To enter the project, go to this website http://thisland.nfb.ca/#/thisland
The last interactive project we looked at was Ying Yia. It introduces us to a Chinese family who tell us their personal story on their immigration to Canada. The story includes five chapters, in which each chapter stands for a specific stage in the family’s life and explained from their own interpretations. Its point of entry is simple and good to the audience since the chapters starts automatically after two clicks and include changes is work, their current reality, their roots, language difficulties and contradicting values, which they are being in different Canadian settings, such as a supermarket (Nfb, n.d.). The project has three main characters, the father, the mother and their daughter, which guide us through their personal experiences of immigrating to Canada. Moreover, the stories are underlined with facts and research quotations from all immigrants to Canada, showing that a high percentage of immigrants face same issues as for this Chinese family which makes it a representative story for the country. Through this way of telling the story, we have another example of a good universal synthetic structure since the context and message becomes clear using a real life example to the audience. Furthermore, as the other projects, it uses lots of visuals and music to grab ones attention and make us relate and feel the atmosphere in the story. However, the stickiness might not work as good as intended since it sometimes felt a bit boring, you never really get hooked in and there was no clear call to action. The strength of this project is using different interpretation to the storyline. Each chapter has its own ‘stage’ or topic, and each family member explains what this means to them. This creates implicit readers since the narrative is told from different points of view, which makes the text being a multipath (Scholari, 2012). The weakness of this project, except for it mentioned above, is the navigation; you cannot navigate properly trough each chapter without having to start all over again and you cannot pause the sound. This becomes a problem if you want to listen to one particular story. The weaknesses of this project are too big to be a success story. If it does not have stickiness and is not user-friendly, we do not consider it being very well done. It was an interesting and good idea by presenting different views in the story, but the execution of the story was not attractive. It is really important that a narrative is engaging (Kieran, 2001), and in this case it was not so engaging either.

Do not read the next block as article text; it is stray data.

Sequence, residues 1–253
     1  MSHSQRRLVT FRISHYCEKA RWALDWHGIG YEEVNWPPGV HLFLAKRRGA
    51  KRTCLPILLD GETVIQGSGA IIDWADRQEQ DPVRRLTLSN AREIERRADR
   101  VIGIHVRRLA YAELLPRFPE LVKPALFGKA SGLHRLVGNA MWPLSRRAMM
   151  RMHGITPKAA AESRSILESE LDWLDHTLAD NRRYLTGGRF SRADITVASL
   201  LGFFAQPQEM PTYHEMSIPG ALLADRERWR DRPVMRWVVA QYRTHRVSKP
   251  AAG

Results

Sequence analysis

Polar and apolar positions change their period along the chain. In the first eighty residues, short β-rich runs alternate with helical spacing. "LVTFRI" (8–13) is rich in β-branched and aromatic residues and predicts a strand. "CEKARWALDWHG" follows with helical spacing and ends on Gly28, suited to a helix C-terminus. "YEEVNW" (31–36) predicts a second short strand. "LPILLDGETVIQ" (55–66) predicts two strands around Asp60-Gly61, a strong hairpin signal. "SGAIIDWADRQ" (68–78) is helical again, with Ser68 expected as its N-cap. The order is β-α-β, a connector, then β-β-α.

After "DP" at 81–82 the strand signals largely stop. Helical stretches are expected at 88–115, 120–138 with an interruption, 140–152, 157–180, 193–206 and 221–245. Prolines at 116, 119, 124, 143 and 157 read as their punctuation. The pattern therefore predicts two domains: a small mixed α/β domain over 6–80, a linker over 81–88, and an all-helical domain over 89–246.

All three stories depict three different narratives, each described differently and have its unique and thoughtful elements. However, we only found two of them be good enough to call successful. In the end, all three projects are enjoyable on its own terms and gives new learning to the audience, either in information, narrative world and structure or creative execution.
To enter the project, go to this website http://thisland.nfb.ca/#/thisland
/ Sandra & Soumaya
Carson, D. (2008). Environmental storytelling: creating immersive 3D worlds using lessons learned from the theme park industry. Retrieved from Gamasutra http://www.gamasutra.com/view/feature/131594/environmental_storytelling_.php?print=1
Kapoor, R. (2012, October). Seminar week 3, World building. PowerPoint uploaded on the course blog https://ibcomtransmedia2012.wordpress.com/seminar-slides/slides-week-3/
Kieran, M. (2001) In defence of the ethical evaluation of narrative art. The British Journal of Aesthetics, 41(1), 26-38.
Mattingly, C. (1998). Healing dramas and clinical plots: The narrative structure of experience. United Kingdom: Cambridge University Press
National Film Board of Canada (NFB). (n.d. This land. Retrieved from http://thisland.nfb.ca/#/thisland
National Film Board of Canada (NFB). (n.d.). Waterlife. Retrieved from http://waterlife.nfb.ca/
National Film Board of Canada (NFB). (n.d.). Ying Jia corner store in la petite patrie. Retrieved from http://cornerstore.nfb.ca/
Scolari, C., A. (2009). Transmedia storytelling: Implicit consumers, narrative worlds, and branding in contemporary media production. International Journal of Communication, 3. 586-606. doi: 1932-8036/20090586